Christian school fires pregnant woman over premarital sex

17

In October, Teri James says her supervisor at San Diego Christian College called her to her office and got straight to the point: Was James pregnant?

James, 29, of El Cajon, Calif., was indeed pregnant – and she was also unmarried, a violation of school rules, according to the lawsuit she filed in San Diego County superior court. She says she was fired because, as the termination letter included in the suit stated: “Teri engaged in activity outside the scope of the Handbook and Community Covenant that does not build up the college’s mission.”

Speaking by phone with her lawyer, Gloria Allred, James said she felt humiliated. 

“I had to leave right after the meeting. I had to go into the office with all of my co-workers and say I’m leaving,” James said. “I never came back so I don’t know what my co-workers thought, but for me, it was humiliating. I felt like I was in trouble.” 

Also insulting, James said, was that after firing her, the school offered a job to her then-fiancé – they are now married – even though it was known that he, too, engaged in premarital sex. He did not accept the job, she said.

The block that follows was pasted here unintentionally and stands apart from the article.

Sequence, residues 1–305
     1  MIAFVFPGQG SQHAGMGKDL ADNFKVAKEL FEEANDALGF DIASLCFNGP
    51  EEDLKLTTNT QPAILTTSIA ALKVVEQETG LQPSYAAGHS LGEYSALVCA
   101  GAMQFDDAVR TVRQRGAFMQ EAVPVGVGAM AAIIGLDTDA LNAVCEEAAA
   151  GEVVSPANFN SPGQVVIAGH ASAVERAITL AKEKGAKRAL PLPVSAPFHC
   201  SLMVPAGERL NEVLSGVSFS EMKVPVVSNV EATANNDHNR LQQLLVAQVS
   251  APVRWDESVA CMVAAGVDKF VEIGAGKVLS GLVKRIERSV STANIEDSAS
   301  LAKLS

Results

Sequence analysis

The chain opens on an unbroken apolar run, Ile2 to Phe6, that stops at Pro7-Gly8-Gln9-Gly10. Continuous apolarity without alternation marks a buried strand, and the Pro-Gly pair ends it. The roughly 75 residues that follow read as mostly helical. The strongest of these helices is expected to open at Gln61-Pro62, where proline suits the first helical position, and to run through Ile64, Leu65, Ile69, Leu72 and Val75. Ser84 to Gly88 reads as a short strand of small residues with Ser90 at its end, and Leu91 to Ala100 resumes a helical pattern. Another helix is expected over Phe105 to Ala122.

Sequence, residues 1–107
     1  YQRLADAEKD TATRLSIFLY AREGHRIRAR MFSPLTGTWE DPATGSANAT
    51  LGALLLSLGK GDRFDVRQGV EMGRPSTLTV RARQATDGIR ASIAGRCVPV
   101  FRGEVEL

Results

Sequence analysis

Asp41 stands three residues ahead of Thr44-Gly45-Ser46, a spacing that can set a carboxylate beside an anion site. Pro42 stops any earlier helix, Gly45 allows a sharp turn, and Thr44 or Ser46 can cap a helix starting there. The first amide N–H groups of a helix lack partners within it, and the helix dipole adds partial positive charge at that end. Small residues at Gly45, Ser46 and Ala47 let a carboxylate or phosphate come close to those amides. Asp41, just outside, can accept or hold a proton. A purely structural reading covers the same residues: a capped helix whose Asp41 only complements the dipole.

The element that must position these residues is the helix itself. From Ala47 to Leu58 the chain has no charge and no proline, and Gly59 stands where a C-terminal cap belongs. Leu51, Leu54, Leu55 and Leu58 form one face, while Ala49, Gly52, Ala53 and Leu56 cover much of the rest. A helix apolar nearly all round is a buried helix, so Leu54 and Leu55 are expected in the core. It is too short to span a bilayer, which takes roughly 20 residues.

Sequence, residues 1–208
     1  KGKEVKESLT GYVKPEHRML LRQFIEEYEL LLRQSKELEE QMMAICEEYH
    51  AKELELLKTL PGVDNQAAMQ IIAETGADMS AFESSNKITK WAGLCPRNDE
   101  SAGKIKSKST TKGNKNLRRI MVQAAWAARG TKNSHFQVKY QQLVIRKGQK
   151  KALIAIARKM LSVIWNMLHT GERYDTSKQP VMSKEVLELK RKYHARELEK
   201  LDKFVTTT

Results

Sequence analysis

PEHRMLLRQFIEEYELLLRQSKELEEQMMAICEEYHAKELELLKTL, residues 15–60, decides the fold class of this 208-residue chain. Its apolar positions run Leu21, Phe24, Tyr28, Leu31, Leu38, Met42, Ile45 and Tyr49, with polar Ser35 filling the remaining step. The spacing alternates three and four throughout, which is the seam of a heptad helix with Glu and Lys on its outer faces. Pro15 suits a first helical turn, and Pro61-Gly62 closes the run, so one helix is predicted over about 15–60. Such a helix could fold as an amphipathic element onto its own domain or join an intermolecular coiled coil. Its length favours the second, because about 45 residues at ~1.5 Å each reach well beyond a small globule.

Written By: Isolde Raftery
continue to source article at lifeinc.today.com

17 COMMENTS

  1. As ugly and as ridiculous as it may be, it sounds as if the school was within its rights. The employee signed a pledge saying she would refrain from extramarital sex. She didn’t, and the school exercised its option to terminate her. I see this situation as a moral problem (the school’s), not a legal problem.

    • In reply to #1 by DallasDad:

      As ugly and as ridiculous as it may be, it sounds as if the school was within its rights. The employee signed a pledge saying she would refrain from extramarital sex. She didn’t, and the school exercised its option to terminate her. I see this situation as a moral problem (the school’s), not a legal problem.

      Agreed, but the provision can’t be enforced equally well on men as on women. It seems like there is a clear gender discrimination issue.

      • In reply to #3 by FrugalSolar:

        In reply to #1 by DallasDad:

        As ugly and as ridiculous as it may be, it sounds as if the school was within its rights. The employee signed a pledge saying she would refrain from extramarital sex. She didn’t, and the school exercised its option to terminate her. I see this situation as a moral problem (the school’s), not a legal problem.

        Agreed, but the provision can’t be enforced equally well on men as on women. It seems like there is a clear gender discrimination issue.